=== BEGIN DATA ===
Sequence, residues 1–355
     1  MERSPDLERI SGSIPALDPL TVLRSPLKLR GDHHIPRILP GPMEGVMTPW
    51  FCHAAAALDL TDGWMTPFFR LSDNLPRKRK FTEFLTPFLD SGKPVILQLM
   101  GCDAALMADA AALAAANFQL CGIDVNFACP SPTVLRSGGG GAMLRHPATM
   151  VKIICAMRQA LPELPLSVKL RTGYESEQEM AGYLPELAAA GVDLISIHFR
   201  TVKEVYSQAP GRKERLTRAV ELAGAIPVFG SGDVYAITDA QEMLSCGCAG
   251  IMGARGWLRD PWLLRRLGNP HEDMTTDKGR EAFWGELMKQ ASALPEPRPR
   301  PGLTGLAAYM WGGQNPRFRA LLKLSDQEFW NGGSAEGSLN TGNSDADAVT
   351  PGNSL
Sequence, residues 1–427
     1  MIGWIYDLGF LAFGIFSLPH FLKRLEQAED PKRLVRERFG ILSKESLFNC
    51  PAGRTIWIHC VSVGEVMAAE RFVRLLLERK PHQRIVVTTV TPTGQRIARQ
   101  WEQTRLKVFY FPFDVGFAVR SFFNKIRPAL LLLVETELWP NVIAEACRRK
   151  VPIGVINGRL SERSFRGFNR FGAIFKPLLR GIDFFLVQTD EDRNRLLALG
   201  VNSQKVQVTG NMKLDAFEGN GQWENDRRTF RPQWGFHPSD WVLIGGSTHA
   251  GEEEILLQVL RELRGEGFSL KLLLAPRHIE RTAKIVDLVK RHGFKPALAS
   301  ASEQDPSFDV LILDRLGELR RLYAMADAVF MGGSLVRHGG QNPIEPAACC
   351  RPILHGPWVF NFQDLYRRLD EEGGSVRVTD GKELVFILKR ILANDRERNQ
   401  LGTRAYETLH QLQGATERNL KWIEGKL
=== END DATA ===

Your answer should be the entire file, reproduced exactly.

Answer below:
Sequence, residues 1–355
     1  MERSPDLERI SGSIPALDPL TVLRSPLKLR GDHHIPRILP GPMEGVMTPW
    51  FCHAAAALDL TDGWMTPFFR LSDNLPRKRK FTEFLTPFLD SGKPVILQLM
   101  GCDAALMADA AALAAANFQL CGIDVNFACP SPTVLRSGGG GAMLRHPATM
   151  VKIICAMRQA LPELPLSVKL RTGYESEQEM AGYLPELAAA GVDLISIHFR
   201  TVKEVYSQAP GRKERLTRAV ELAGAIPVFG SGDVYAITDA QEMLSCGCAG
   251  IMGARGWLRD PWLLRRLGNP HEDMTTDKGR EAFWGELMKQ ASALPEPRPR
   301  PGLTGLAAYM WGGQNPRFRA LLKLSDQEFW NGGSAEGSLN TGNSDADAVT
   351  PGNSL
Sequence, residues 1–427
     1  MIGWIYDLGF LAFGIFSLPH FLKRLEQAED PKRLVRERFG ILSKESLFNC
    51  PAGRTIWIHC VSVGEVMAAE RFVRLLLERK PHQRIVVTTV TPTGQRIARQ
   101  WEQTRLKVFY FPFDVGFAVR SFFNKIRPAL LLLVETELWP NVIAEACRRK
   151  VPIGVINGRL SERSFRGFNR FGAIFKPLLR GIDFFLVQTD EDRNRLLALG
   201  VNSQKVQVTG NMKLDAFEGN GQWENDRRTF RPQWGFHPSD WVLIGGSTHA
   251  GEEEILLQVL RELRGEGFSL KLLLAPRHIE RTAKIVDLVK RHGFKPALAS
   301  ASEQDPSFDV LILDRLGELR RLYAMADAVF MGGSLVRHGG QNPIEPAACC
   351  RPILHGPWVF NFQDLYRRLD EEGGSVRVTD GKELVFILKR ILANDRERNQ
   401  LGTRAYETLH QLQGATERNL KWIEGKL